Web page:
October 9, 2009


Audio books, I love them.

After reading so much about Polanski in the news, after wrestling with a bloated blogpost that tries to chain our latent suicidal tendency, the nature of art and its integral connection to freedom... I bought Jeremy Irons' rendition of Nabokov's Lolita to get a closer look at Humbert Humbert.

The language and construction is wonderful. Reflexively, I jotted down a phrase or two when I could, wanting to linger, wanting to savor Nabokov's art:

Look, at this tangle of thorns.


You can always count on a murderer for a fancy prose style.


The beast and the beautiful merge at that point.


Oh, softly on go nightmares.


The heart is hysterical, unreliable organ.


The moral sense in mortals is the duty we have to pay on the mortal sense of beauty.


You have to be an artist and a mad man.
A creature of infinite melancholy
With a bubble of hot poison in your loins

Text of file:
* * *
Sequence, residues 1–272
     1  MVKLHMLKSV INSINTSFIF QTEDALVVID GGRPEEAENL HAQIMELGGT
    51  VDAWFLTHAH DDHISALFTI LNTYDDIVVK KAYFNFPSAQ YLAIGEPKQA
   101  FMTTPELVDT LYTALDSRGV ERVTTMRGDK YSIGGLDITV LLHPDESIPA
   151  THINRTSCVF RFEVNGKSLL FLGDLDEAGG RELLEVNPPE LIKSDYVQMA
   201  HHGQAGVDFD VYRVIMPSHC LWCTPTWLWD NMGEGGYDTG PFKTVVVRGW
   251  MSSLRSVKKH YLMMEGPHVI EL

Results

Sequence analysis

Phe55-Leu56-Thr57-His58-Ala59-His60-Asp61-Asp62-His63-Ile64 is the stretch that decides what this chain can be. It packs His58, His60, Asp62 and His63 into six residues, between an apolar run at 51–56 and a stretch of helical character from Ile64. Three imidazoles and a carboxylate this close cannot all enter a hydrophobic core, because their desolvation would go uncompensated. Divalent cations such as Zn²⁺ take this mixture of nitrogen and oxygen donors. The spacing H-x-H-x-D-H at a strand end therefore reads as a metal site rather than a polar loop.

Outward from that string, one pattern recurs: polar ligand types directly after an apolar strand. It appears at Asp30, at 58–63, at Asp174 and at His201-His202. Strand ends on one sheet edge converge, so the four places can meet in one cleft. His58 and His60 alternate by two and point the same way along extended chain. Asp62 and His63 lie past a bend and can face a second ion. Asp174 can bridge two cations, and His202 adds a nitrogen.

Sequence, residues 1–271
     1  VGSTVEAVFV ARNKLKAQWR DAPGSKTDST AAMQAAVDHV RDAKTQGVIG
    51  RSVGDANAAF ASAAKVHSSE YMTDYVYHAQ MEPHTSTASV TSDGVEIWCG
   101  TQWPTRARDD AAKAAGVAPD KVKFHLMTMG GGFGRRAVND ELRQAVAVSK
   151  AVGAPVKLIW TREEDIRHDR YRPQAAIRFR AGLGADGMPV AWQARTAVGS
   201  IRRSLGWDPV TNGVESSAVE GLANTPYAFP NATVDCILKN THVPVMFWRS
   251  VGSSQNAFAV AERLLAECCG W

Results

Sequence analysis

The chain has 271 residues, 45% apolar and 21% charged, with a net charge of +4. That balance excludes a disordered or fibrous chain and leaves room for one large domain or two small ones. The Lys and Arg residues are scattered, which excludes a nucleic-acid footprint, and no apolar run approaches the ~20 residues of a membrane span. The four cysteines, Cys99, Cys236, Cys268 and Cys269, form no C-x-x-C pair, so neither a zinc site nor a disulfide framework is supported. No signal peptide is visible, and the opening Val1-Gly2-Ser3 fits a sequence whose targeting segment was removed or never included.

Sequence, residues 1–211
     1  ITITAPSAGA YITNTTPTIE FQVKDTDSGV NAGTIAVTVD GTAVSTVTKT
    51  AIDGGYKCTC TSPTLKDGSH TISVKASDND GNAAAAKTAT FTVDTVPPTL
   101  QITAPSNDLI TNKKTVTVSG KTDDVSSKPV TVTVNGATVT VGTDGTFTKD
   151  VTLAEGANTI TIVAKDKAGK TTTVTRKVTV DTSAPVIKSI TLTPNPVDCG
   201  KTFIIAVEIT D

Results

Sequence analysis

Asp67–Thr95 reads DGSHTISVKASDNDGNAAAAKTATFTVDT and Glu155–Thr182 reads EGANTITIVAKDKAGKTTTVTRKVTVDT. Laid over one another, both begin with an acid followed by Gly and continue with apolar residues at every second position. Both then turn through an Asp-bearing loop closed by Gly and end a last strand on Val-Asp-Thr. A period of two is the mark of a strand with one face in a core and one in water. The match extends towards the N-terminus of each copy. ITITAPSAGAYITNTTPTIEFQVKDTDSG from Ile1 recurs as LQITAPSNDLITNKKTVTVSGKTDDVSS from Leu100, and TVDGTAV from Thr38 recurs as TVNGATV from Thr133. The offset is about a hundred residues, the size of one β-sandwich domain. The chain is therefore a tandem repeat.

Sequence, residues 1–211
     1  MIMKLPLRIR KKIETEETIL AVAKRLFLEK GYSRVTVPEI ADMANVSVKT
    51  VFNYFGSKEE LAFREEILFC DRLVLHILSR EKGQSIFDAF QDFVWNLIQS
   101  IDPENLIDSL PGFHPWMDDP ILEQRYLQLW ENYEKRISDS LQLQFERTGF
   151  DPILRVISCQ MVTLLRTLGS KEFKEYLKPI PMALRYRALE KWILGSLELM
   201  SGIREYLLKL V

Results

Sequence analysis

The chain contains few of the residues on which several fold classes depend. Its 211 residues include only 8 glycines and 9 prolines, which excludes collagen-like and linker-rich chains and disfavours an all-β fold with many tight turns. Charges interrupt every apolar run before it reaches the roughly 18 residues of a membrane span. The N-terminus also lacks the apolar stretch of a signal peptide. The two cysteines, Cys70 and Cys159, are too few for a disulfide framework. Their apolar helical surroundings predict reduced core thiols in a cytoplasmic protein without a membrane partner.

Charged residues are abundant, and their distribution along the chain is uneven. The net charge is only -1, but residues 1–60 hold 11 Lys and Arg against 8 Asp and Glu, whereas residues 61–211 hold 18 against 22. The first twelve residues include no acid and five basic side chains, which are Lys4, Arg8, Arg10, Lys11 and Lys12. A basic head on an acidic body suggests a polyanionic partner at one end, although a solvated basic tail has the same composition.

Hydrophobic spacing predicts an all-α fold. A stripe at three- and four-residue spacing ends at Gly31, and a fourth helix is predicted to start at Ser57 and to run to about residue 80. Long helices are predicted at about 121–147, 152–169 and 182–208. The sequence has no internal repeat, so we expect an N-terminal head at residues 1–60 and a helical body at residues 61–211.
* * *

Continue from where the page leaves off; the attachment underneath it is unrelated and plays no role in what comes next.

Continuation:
And a super voluptuous flame
Permanently aglow in your supple (subtle?) spine.

Oh, how you have to cringe and hide
In order to discern at once by ineffable signs.
The subtle female outline of a cheekbone.
The slenderness of a downey limb.
And other indices which despair and shame
And tears of tenderness forbid me to tabulate.

(With apologies for faults in transcription and willfully transforming the audio in the last entry familiar -to me- "poetic form", surely it is grotesque. Such are the excesses of fanhood.)

Posted by Dennis at October 9, 2009 10:41 AM

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